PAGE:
More H1N1 Cases, Fewer Vaccines

H1N1 flu clinic
In Baltimore, thousands showed up at the city's first H1N1 flu clinic and overwhelmed officials had to shut it down until they got more help.
In Baltimore, thousands showed up at the city's first H1N1 flu clinic and overwhelmed officials had to shut it down until they got more help.

"I was hoping to come earlier, but of course couldn't because of school and work," said one person waiting in line. "I just hope they'll offer it again."

The same long lines can be seen across the country and now the CDC says millions will be left out in the cold for weeks. Iowa is waiting on more than 50,000 doses and Colorado is 133,000 short, reports CBS News correspondent Jeff Glor.

"We are seeing more and more vaccine becoming available, we wish it was more than it is, but at least we have some," said Dr. Anne Schuchat with the CDC.

The CDC was hoping to have shipped 40 million doses by the end of October, the reality of having between 28 and 30 million makes for very difficult choices.

Morris County New Jersey's Health Department Chief Peter Summers has a job no one wants - doling out the precious commodity everyone is looking for.

They chose to give their first wave of limited supplies to EMS workers, one of the groups on the CDC's priority list.

The CDC always has known that what has become the biggest public vaccination program in U.S. history would have some growing pains. But Friday's announcement of a shortfall comes at a critical time, when both public anxiety is peaking, and illness levels are rising.

"What we really need to get across to the public is this is going to be tough to have a systematic and rapid access to vaccine right now and they have to prepare for that over the next few weeks, while we're telling them they have to get their immunization," said Dr. Michael Osterholm, an infectious disease expert at the University of Minnesota.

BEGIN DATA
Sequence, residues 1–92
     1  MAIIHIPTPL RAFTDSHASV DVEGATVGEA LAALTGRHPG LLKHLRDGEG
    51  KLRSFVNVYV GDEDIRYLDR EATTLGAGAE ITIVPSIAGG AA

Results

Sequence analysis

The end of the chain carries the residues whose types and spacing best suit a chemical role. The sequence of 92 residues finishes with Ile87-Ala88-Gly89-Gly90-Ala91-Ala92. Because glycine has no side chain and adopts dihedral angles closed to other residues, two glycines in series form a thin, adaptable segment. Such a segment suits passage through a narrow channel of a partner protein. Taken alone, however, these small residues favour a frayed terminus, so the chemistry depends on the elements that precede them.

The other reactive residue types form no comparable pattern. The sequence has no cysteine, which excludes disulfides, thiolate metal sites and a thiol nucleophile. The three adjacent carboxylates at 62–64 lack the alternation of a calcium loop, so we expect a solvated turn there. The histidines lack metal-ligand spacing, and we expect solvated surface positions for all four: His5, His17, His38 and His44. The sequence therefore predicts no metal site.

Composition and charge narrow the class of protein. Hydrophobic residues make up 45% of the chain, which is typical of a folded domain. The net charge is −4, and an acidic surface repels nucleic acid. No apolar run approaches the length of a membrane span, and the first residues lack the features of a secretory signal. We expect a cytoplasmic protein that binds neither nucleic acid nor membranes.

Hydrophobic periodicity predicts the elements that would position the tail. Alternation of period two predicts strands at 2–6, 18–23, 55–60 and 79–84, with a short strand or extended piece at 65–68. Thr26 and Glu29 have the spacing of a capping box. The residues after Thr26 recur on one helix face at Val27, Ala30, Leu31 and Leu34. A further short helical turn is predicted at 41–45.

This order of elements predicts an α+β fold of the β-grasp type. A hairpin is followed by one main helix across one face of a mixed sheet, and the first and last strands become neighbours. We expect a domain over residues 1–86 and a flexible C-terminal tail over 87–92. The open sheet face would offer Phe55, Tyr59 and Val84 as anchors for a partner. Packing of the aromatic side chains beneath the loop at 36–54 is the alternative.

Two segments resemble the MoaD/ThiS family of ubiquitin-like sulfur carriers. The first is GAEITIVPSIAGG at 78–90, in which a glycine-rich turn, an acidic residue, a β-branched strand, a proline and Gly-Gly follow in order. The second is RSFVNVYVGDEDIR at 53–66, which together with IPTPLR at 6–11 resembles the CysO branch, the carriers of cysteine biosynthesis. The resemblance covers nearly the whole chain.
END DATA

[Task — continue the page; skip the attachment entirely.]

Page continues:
The CDC calls it a "challenging time, "and Friday called for patience.

But with the,story=5389928> deaths of 11 more children this week, the fear is the flu may be arriving faster than the vaccine.

CBS News anchor Katie Couric spoke with CBS News medical correspondent Dr. Jennifer Ashton about the H1N1 Virus.

Couric: Why this sudden news about a shortage? The government had said vaccine production was on track.

Ashton: We spoke to experts today who told us that the projections on availability of H1N1 vaccine were very optimistic all along so in some ways this news is not surprising. Remember this is virus where the first cases were found in late March; so it's been a race all along to get a vaccine ready. Also, there have been production problems with this particular vaccine since the very beginning of the manufacturing process in early June. The viruses for vaccines are grown in eggs for vaccines, some grow very fast - this one never did. Unfortunately there's nothing that can be done to speed up production.

Couric: But what can people do in the meantime if they can't get the vaccine now?

Ashton:: Practice the basics: wash your hands, get plenty of rest, if you're sick stay home. The one thing you should not do is go on the Internet and order drugs that are marketed as treatment for H1N1. This week the government issued a warning about on line selling of unlicensed products - some Tamiflu bought over the internet can be fake.

Couric:: There are reports that the first cases of swine flu have been found in pigs in Minnesota. What does that mean? Should we be worried?

Ashton: Not really. This is not unexpected. We know the H1N1 virus has genetic material from pigs. It's possible the pigs got the virus from a person. It does not mean that the virus is mutating. And we need to remind people that you cannot get swine flu from eating pork.